Middle EnglishEdit

Alternative formsEdit


Borrowed from Anglo-Norman warison, from warir (to protect); equivalent to warysshen +‎ -isoun. Doublet of garisoun.


  • IPA(key): /wariˈzuːn/, /ˈwar(i)zun/, /ˈwar(i)sun/


warisoun (uncountable) (especially Northern)

  1. A monetary transaction; the act of paying for a service:
    1. A stipend; a regular fixed payment.
    2. (rare) Compensation or recompense for wrong.
  2. A reward, recompense; what one deserves.
    • 1485, Sir Thomas Malory, “xxij”, in Le Morte Darthur, book IX:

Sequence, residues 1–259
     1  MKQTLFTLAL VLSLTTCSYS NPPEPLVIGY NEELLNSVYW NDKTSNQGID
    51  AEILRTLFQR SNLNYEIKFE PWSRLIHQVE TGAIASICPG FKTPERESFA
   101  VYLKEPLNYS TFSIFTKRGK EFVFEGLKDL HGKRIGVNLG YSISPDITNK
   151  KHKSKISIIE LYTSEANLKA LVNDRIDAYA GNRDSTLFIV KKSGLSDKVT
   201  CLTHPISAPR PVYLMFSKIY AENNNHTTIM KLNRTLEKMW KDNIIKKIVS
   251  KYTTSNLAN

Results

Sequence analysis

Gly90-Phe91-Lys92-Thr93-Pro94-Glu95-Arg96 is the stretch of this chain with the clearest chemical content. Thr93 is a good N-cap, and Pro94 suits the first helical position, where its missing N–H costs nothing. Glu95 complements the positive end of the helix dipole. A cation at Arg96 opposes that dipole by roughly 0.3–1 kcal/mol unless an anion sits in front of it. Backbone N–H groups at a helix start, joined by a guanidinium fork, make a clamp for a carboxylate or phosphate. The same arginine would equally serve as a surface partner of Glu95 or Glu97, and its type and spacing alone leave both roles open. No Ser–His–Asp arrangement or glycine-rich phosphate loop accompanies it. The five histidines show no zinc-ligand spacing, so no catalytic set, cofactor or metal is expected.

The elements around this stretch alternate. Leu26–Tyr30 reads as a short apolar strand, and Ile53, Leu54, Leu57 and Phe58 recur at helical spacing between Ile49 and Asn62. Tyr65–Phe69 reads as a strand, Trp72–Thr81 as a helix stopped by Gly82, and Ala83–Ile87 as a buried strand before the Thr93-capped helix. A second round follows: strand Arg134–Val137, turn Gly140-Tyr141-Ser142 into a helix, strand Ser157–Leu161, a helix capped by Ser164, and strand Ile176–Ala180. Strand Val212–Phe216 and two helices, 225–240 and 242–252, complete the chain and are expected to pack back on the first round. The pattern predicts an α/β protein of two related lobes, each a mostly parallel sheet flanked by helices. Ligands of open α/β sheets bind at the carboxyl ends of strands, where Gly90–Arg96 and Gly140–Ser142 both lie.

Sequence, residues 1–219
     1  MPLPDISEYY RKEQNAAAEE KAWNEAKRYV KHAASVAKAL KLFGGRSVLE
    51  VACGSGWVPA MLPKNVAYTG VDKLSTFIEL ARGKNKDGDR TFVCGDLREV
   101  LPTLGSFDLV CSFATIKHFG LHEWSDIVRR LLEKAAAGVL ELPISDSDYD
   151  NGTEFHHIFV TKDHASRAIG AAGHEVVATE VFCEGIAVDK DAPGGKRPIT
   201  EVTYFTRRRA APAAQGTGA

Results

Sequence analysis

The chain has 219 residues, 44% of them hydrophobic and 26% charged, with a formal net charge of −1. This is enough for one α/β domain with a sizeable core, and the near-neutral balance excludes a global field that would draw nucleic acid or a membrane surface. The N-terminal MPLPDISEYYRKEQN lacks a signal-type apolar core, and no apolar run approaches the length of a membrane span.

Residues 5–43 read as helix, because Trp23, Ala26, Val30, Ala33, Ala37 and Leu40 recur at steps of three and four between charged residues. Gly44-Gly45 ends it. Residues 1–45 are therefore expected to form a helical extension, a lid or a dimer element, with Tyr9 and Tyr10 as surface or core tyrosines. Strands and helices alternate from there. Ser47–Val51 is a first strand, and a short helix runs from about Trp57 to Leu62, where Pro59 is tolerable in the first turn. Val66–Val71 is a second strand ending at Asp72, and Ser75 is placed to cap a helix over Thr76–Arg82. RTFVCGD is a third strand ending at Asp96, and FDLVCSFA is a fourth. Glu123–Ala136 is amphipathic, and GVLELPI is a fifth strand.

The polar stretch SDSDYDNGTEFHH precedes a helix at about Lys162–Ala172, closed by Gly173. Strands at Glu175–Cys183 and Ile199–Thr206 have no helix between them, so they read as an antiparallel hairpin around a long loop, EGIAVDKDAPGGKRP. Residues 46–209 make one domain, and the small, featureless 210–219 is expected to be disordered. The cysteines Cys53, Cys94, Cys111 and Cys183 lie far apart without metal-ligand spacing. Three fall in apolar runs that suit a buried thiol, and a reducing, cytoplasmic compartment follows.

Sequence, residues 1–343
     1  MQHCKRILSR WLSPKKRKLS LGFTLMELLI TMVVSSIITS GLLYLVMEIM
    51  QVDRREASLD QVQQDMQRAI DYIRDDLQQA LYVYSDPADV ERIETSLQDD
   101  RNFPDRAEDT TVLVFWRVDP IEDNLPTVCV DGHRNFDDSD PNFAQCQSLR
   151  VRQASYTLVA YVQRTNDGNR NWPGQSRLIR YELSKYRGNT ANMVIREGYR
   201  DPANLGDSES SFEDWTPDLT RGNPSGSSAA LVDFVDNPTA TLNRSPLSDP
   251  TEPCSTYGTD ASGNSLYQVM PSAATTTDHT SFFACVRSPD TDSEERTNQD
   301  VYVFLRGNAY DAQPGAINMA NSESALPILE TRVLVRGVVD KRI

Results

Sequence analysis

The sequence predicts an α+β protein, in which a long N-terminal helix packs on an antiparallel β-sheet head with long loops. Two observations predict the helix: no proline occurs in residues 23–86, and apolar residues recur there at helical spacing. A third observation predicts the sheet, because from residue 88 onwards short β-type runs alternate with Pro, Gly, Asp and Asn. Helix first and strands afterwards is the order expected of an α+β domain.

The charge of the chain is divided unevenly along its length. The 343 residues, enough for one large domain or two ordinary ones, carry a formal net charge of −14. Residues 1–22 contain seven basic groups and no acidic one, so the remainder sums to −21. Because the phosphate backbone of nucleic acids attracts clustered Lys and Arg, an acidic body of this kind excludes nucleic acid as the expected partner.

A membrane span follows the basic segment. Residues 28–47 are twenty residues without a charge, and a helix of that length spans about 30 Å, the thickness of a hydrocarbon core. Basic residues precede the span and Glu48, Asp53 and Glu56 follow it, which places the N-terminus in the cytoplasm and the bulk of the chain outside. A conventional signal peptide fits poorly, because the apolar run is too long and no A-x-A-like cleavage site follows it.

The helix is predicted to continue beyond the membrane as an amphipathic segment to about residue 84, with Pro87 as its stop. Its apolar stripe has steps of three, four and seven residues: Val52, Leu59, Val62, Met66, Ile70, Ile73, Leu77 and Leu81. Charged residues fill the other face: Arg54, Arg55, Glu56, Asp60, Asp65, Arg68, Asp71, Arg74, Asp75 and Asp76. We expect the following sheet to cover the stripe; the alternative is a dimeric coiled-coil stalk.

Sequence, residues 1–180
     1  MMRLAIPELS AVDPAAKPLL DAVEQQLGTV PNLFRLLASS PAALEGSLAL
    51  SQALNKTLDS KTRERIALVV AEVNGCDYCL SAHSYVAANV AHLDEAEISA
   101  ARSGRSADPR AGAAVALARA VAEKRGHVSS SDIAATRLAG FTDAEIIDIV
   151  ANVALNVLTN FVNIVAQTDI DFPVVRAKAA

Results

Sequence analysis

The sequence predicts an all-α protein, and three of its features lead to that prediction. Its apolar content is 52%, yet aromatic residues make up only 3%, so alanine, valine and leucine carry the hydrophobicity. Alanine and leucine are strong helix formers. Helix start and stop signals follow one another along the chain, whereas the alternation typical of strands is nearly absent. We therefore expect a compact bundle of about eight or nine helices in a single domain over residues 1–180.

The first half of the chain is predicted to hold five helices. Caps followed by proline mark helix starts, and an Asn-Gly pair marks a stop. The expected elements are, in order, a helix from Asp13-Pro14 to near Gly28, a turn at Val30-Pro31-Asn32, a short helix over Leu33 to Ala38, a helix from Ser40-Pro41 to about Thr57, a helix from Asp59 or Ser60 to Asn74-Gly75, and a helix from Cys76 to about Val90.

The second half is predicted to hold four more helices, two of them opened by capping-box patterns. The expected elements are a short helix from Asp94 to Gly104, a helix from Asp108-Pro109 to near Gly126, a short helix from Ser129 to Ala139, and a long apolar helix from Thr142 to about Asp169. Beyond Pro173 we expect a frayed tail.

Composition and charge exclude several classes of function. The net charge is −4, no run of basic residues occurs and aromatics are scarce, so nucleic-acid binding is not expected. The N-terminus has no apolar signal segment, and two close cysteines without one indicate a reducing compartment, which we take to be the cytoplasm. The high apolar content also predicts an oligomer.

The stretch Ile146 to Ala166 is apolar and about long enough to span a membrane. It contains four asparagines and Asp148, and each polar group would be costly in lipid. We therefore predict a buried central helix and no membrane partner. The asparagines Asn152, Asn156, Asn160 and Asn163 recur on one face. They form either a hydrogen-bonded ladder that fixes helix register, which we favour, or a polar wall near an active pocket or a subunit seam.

whanne sire Tristram was in the see / he said / Grete wel kyng Marke and all myn enemyes / and saye hem I wille come ageyne whan I maye / And wel am I rewarded for the fyghtynge with sire Marhaus [] and wel I am rewarded for [] many other dedes haue I done for hym / and now haue I my waryson
      (please add an English translation of this quote)
  3. Wealth, possessions; a treasure (literal or figurative).
  4. Benefit, advantage; the gain accrued from some act.
  5. (rare) Ownership; the state of owning or possessing.
  6. (rare) Security, safety; protection from harm.


  • Middle Scots: warisoun, warisone